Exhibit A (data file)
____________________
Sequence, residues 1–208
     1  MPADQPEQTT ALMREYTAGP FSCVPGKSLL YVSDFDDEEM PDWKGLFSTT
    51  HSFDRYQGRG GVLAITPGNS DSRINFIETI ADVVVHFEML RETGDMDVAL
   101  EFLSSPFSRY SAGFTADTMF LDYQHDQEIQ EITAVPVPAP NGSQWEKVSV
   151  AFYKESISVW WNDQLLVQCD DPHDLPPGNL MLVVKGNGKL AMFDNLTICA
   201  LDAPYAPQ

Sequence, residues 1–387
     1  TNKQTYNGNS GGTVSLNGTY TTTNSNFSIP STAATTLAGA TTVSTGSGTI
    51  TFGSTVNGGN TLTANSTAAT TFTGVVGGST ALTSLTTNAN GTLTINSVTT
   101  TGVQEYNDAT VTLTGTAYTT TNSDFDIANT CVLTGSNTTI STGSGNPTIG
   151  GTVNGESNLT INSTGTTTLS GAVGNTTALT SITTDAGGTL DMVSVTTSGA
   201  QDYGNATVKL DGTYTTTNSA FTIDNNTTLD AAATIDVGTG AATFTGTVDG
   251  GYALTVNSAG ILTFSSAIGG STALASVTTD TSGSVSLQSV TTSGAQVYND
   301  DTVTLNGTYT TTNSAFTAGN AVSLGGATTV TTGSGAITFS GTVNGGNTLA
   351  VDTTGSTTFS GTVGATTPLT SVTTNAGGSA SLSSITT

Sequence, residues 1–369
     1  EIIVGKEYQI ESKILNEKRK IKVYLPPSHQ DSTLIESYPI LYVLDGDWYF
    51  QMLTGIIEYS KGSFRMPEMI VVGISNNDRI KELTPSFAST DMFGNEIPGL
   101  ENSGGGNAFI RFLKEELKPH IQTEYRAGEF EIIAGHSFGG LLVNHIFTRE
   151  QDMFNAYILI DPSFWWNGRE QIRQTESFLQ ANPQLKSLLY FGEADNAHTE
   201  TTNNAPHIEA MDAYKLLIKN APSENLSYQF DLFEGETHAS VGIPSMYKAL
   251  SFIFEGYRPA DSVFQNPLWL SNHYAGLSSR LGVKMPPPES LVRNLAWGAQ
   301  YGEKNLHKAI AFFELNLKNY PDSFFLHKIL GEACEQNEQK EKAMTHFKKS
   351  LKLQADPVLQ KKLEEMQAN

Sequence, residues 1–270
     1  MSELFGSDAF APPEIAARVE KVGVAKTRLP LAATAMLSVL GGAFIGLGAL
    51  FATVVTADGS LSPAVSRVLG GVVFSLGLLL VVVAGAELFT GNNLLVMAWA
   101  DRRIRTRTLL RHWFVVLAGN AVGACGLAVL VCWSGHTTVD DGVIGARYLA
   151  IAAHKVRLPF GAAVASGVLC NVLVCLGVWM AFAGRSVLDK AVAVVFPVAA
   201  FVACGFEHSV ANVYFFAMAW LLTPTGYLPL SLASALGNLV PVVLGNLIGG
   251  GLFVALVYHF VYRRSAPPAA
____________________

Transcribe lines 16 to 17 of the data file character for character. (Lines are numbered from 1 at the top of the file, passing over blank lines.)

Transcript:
Sequence, residues 1–369
     1  EIIVGKEYQI ESKILNEKRK IKVYLPPSHQ DSTLIESYPI LYVLDGDWYF